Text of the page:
The back of this pictures reads . . . Picture taken of the hotel at Longmire August 1898.
I’m not sure if this if this the Longmire hotel, but that would be a good guess. And it looks like the picture online. A simple, 5-room hotel was built by Longmires built in 1890 and later expanded. If it is the original Longmire Springs Hotel it was torn down by the Rainier National Park around 1920.
Below is and excerpt comes from Wikipedia. I can’t vouch for it’s accuracy. But it gives you a bit of background.
“In 1890, Longmire built a 5-room hotel, which was later expanded. By 1906, the Longmire’s hotel with assorted tents and cabins totaled 30 rooms. In that year, the Tacoma and Eastern Railroad built the original National Park Inn at Longmire, a three-story building with accommodation for 60 guests. Having a competitor establish in the Longmire area soured relations between the National Park and the Longmire family. There followed some legal disputes between the Longmires and park officials including the opening of a saloon by Robert Longmire (James’ son) and its subsequent closure by Acting Superintendent Grenville F. Allen who thought it a “public nuisance.”
Constructed in an early rustic style, a Hiker’s Center was built in 1911 by the Tacoma and Eastern Railroad. It is now the Longmire general store.
The Longmires wearied of park pressures to improve their facilities, and after Elcaine’s death in 1915, they leased their property to the newly formed Longmire Springs Hotel Company in 1916. The new operators promptly built an additional hotel structure along with 16 wood-frame cabins. Although the property was cleaned up and improved, operating as “The New Longmire Springs Hotel,” it still did not meet the quality level of the National Park Inn across the road.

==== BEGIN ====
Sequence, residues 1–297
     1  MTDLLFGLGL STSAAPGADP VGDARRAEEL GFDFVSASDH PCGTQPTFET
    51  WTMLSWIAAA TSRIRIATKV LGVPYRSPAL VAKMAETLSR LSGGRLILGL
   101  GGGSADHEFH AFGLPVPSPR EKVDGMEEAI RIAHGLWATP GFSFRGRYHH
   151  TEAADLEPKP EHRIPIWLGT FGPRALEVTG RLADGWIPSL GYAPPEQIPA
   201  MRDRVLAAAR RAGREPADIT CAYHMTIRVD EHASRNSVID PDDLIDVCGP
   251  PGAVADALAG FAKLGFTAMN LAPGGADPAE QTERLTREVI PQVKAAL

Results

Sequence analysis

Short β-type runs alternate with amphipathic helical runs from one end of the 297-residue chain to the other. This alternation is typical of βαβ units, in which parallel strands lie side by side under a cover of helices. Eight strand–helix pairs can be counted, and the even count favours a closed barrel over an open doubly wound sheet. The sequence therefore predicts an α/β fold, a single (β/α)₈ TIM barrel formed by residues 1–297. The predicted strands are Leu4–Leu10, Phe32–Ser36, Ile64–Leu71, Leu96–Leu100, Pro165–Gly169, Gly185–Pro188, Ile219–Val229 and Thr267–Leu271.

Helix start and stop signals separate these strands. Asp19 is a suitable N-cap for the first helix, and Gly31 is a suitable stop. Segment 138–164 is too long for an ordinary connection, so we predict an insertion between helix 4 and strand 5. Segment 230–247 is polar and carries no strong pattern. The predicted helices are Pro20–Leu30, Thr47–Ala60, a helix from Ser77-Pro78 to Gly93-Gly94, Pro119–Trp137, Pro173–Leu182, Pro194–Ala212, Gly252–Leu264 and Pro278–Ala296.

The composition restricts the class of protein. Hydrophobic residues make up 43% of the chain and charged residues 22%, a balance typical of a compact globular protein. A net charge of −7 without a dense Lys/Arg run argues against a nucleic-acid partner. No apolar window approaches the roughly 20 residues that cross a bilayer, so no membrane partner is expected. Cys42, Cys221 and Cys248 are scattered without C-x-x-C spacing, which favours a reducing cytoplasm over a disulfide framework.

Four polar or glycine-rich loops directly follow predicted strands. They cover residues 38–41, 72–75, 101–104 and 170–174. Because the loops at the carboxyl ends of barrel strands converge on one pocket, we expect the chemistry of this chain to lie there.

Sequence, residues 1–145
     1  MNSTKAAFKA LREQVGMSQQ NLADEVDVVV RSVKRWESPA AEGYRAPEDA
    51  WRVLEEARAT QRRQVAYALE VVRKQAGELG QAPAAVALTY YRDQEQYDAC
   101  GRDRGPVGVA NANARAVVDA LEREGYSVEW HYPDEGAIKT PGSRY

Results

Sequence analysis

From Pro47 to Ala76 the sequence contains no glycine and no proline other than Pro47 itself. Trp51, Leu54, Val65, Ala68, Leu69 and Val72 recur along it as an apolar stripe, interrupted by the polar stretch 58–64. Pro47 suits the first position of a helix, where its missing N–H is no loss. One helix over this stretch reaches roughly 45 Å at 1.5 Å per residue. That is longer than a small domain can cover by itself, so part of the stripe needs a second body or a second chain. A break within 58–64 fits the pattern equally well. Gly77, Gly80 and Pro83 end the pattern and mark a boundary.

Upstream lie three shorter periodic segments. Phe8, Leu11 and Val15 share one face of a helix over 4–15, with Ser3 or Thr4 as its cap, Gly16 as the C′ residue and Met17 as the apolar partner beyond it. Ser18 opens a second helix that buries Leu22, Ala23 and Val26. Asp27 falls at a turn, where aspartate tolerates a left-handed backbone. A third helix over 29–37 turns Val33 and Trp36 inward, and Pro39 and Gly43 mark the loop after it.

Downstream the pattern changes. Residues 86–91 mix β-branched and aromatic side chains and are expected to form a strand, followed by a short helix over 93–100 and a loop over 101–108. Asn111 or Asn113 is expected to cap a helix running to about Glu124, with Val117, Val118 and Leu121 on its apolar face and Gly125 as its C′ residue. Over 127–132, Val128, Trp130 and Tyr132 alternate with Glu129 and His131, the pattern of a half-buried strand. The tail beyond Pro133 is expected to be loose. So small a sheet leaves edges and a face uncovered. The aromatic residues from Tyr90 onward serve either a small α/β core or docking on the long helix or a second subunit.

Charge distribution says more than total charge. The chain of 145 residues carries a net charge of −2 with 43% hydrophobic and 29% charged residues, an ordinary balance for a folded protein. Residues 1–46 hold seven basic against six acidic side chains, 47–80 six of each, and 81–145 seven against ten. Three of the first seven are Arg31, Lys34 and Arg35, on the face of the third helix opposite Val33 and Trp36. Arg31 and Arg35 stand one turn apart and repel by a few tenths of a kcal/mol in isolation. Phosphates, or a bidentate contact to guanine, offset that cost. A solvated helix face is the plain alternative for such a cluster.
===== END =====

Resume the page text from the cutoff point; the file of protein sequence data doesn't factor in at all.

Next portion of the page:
Steven T. Mather, the first director of the National Park Service developed a policy which favored regulated monopolies over competing concessioners in the National Parks. Over a number of years the National Park Service worked to make the Rainier National Park Company the only concessionaire in the park.
This was completed in 1919 when the Rainier National Park Company purchased the Longmire family buildings and a 20 year lease on the Longmire’s private inholding for $12,000 in a three way deal which included J.B. Ternes and E.C. Cornell, owners of the Longmire Springs Hotel Company. They eventually bought the Longmire family property, after the lease expired in 1939.
Rainier National Park Company moved the 1916 Longmire Springs Hotel structure next to the next to the National Park Inn in 1920. Smaller than the existing inn, it became known as the National Park Inn Annex — a 2.5-story building with plain exteriors, it contained seventeen guest rooms.
The Rainier National Park Company eventually demolished the original 1890 Longmire Springs Hotel and utility buildings in the area to “improve the appearance” of the area.”
Photo courtesy of Pat Van Eaton.
Click on image to enlarge.